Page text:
It is the end of yet another era: Time Out New York’s print edition is no more.
Before the pandemic, Time Out was publishing — if not profitably — print editions in 40 cities. Now, Time Out Group CEO Julio Bruno tells the Financial Times, that number is down to three: After a coronavirus-induced publishing freeze, Time Out resumed print distribution in London this week, and plans to return to Madrid and Barcelona as well. As for the rest, it’s not looking great. “The group is unlikely to resume printing in the US and Portugal, with other territories under review by management,” FT reports. It seems, in at least this one case, that the doomsayers are right: New York is over. At least, the print edition.
The brainchild of Tony Elliott, who died last month, Time Out launched in London in 1968, with “a single poster-size sheet, folded four times, that functioned as a guide to the local counterculture,” the New York Times recalled. “If you were in the in crowd, you knew,” his wife said. “If you weren’t, that’s what Tony provided.”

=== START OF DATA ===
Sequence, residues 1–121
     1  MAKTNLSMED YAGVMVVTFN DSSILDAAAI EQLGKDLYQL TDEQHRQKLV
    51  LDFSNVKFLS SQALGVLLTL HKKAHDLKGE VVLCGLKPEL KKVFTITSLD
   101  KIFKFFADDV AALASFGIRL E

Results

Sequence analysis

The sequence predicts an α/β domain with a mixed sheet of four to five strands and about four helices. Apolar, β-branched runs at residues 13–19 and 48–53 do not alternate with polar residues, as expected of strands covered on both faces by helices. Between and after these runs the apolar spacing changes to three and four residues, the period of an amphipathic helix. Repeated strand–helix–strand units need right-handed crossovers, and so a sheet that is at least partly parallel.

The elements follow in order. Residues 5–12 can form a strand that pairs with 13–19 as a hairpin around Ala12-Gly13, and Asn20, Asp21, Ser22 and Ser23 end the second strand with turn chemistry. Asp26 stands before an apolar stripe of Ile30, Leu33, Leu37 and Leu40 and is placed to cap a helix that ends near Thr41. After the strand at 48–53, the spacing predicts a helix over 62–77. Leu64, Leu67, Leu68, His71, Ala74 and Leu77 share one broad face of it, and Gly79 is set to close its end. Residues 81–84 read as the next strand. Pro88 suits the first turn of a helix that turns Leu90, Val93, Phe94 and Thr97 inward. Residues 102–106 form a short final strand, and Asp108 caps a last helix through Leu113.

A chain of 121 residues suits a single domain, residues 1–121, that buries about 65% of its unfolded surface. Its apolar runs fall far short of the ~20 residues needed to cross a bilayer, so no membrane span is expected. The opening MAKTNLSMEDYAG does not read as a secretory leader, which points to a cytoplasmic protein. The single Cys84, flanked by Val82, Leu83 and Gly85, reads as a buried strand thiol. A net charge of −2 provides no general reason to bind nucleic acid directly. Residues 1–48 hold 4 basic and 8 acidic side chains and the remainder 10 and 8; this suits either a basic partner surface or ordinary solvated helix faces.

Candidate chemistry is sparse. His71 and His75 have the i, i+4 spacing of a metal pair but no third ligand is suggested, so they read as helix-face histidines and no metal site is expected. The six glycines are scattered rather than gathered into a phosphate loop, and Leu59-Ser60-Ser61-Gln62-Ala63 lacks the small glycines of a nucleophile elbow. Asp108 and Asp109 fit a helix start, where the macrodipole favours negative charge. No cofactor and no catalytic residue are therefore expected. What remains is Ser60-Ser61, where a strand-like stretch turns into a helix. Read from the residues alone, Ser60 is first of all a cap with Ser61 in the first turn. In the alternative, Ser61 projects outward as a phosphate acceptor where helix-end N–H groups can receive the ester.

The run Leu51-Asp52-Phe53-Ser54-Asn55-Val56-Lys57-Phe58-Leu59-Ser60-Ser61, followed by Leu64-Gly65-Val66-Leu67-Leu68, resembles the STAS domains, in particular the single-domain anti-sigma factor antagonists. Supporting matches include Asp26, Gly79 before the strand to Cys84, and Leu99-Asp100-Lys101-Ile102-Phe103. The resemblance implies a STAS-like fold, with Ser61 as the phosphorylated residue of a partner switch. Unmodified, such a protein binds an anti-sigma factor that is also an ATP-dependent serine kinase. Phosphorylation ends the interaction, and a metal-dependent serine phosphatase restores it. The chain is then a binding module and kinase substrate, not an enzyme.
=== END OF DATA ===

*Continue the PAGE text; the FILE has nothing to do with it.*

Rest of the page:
It brought that same sensibility when it arrived in New York in 1995. The New York of Time Out New York was cool enough, but more than that, it was accessible: focused on Off–Off Broadway and hole-in-the-wall restaurants, its event listings — and the publication was, even at its peak, mostly event listings — were filled with things a regular person might actually be able to see, eat, and do. In the food world, TONY had plenty of clout, with many of the city’s high-profile editors getting their starts there and offering a useful guide to the city’s eating-and-drinking scene before the dawn of digital-only food and restaurant publications (like Grub!).
This is not, however, the end of the Time Out New York brand, which will live on both digitally and experientially. TONY will continue to publish online, while also apparently doubling down on the Time Out Market New York in DUMBO, a curated “a dining-and-culture experience,” or what is more commonly known as “a food hall.”